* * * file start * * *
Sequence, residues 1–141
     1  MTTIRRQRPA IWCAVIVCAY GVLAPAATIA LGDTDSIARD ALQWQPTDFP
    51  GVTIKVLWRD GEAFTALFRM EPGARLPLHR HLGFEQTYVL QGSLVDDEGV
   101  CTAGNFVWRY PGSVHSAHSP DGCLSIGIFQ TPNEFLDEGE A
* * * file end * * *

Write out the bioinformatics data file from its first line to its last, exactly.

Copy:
Sequence, residues 1–141
     1  MTTIRRQRPA IWCAVIVCAY GVLAPAATIA LGDTDSIARD ALQWQPTDFP
    51  GVTIKVLWRD GEAFTALFRM EPGARLPLHR HLGFEQTYVL QGSLVDDEGV
   101  CTAGNFVWRY PGSVHSAHSP DGCLSIGIFQ TPNEFLDEGE A